On Sunday, November 29, 2020, Joyce DeGennaro passed away. She leaves behind her loving husband Darren and two young children. To continue her legacy, mourners may make a gift in Joyce’s name to the College of Nursing Memorial Scholarships fund.

 

Joyce DeGennaro ’03 ’09BSN ’13MS is using her own personal fight against breast cancer to provide UCF students with rare, real-world learning opportunities.

A UCF nursing instructor since 2013, DeGennaro regularly incorporates aspects of her cancer treatments into her coursework. These include recordings of invasive medical procedures and frank conversations about her health status.

“Everything from my chemotherapy ports being accessed to my lungs and stomach being drained of fluids have been a topic for in-class discussion,” says DeGennaro, who often records medical procedures with her cell phone as they are being performed on her, for the purposes of presenting them in class. “As a professional nurse, I can walk the class through each procedure, allowing them to ask questions about the process along the way. Also, I can provide my students with a safe, welcoming environment to ask personal questions to a Stage-4 cancer patient.”

DeGennaro’s evolution as a teacher and her ongoing battle with cancer began June 23, 2015. While getting dressed for work, she discovered a tender lump in her right armpit. DeGennaro’s worries were heightened by enlarged lymph nodes above her right clavicle, an ominous combination of signs. Immediately, she suspected breast cancer.

During her commute to UCF that morning, DeGennaro made the decision to turn her cancer fears into a teaching moment. She revealed her concerns to the class and opened a discussion on breast cancer warning signs, allowing students to examine the lump under her arm and above her clavicle.

“In the last few years, I’ve found that life is what you make of it, and I have chosen to make this aspect of my life a truly meaningful and impactful learning experience for my students.”

“At that particular moment, it wasn’t about me or my own health. It was about my students having a rare educational moment, something that they would probably never get to experience again inside of a classroom setting,” says DeGennaro, who called that class session one of the most meaningful of her career. “In the last few years, I’ve found that life is what you make of it, and I have chosen to make this aspect of my life a truly meaningful and impactful learning experience for my students.”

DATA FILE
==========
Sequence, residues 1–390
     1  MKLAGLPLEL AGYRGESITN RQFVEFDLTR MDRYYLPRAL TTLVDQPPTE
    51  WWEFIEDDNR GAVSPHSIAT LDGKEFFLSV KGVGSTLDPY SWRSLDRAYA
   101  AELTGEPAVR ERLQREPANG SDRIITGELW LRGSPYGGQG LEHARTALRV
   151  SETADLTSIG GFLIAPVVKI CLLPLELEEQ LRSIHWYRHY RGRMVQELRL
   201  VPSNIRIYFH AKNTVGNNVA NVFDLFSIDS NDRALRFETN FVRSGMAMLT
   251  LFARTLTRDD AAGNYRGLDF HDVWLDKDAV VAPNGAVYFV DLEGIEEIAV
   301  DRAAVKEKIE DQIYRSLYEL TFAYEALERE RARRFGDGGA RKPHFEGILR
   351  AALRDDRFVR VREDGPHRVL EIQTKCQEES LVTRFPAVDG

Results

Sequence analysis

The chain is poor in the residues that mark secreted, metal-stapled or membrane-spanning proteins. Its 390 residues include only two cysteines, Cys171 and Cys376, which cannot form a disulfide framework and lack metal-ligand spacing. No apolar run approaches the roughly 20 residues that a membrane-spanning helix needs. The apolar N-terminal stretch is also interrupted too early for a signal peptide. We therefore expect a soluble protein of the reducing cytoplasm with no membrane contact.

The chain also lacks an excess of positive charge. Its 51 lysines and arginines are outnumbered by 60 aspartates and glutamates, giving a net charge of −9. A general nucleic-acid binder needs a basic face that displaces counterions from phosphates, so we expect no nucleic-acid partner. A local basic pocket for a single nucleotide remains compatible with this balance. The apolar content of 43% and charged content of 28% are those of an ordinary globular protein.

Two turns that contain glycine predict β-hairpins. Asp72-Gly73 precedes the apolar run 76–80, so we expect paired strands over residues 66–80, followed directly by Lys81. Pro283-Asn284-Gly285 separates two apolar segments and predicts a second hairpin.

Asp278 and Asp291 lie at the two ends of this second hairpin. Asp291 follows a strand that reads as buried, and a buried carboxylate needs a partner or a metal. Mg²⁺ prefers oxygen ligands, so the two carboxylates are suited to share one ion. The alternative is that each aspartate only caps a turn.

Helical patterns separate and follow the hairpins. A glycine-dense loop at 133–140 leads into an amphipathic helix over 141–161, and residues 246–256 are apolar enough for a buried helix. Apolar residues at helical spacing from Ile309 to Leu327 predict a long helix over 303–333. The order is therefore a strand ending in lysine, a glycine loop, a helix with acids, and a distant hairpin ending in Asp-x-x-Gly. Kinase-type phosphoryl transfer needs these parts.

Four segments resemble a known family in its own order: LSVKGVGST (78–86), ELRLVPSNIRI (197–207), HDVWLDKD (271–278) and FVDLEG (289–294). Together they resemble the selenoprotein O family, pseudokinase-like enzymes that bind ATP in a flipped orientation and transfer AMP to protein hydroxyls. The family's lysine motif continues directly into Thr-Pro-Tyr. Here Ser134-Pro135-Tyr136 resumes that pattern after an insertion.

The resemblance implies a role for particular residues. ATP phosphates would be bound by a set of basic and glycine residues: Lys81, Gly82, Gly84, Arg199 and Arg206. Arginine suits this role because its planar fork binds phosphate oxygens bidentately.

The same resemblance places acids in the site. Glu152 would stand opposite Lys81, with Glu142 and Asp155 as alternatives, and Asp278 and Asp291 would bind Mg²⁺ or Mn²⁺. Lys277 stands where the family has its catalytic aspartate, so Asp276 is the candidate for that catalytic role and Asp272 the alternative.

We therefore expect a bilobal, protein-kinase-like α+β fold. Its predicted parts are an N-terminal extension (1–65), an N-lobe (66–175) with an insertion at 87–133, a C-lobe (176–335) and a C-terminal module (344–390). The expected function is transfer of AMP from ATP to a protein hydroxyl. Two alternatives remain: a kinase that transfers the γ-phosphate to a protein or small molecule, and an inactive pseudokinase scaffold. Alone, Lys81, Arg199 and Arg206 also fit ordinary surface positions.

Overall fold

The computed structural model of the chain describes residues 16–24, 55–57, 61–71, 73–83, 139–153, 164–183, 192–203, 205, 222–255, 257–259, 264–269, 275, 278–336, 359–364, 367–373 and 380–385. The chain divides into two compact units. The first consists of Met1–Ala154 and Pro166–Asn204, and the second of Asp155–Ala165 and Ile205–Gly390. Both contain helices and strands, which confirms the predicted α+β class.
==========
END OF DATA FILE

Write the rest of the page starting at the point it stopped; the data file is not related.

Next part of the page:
A biopsy and a CT scan soon confirmed that DeGennaro had an aggressive form of breast cancer, which had metastasized into her lymph nodes. The next five years would be comprised of chemotherapy, a bilateral mastectomy, four recurrences and more than 60 rounds of radiation therapy.

DeGennaro is one of more than three million women currently living with breast cancer in the United States. It is the second most commonly diagnosed form of cancer among American women. About 1 in 8 U.S. women will develop an invasive form breast cancer at some point in their lives. This year alone, there will be an estimated 325,000 newly diagnosed cases.

Annually, Breast Cancer Awareness Month is held in October to recognize those who are battling the disease as well as to increase awareness, promote testing and honor the memories of those who have passed.

DeGennaro is now in remission, but there have been indications that the cancer has returned. She has learned to take life one day at a time. In addition to her religious faith and family, DeGennaro says teaching has been a source of comfort and strength throughout her ordeal. Currently teaching all of her classes remotely due to COVID-19, she takes pride in the fact that she has never missed a class session at UCF.

In addition to her religious faith and family, DeGennaro says teaching has been a source of comfort and strength throughout her ordeal. (Photo by Nick Leyva ’15)

Since being diagnosed, DeGennaro has been honored with the 2017 Advisor of the Year Award from the Florida Nursing Students Association. She served a two-year term as president of UCF’s chapter of the Sigma Theta Tau International Society of Nursing. Last year, she was one of 31 UCF professionals honored during the university’s annual Women’s History Month Recognition. But the impact that she has made on her students is her most meaningful distinction, DeGennaro says.

Megan Donnelly, a fourth-year nursing student currently taking DeGennaro’s Essentials of Nursing and Health Assessment class, says her courses emphasize the importance of forming a strong patient-nurse relationship.

“Engaging. Passionate. Dedicated. There are so many words that you could use to describe Joyce as a teacher and as a person that it’s hard to narrow it down to just a few,” says Donnelly, who plans to work in emergency and trauma medicine once she graduates from UCF next summer. “In Joyce’s class, not only does she teach the technical skills of nursing, but she emphasizes the human connection between a nurse and a patient by relating everything back to her own experiences. Her point of view, from a patient’s perspective, really resonated with me. I will absolutely be a more caring and emphatic nurse thanks to her guidance and teaching.”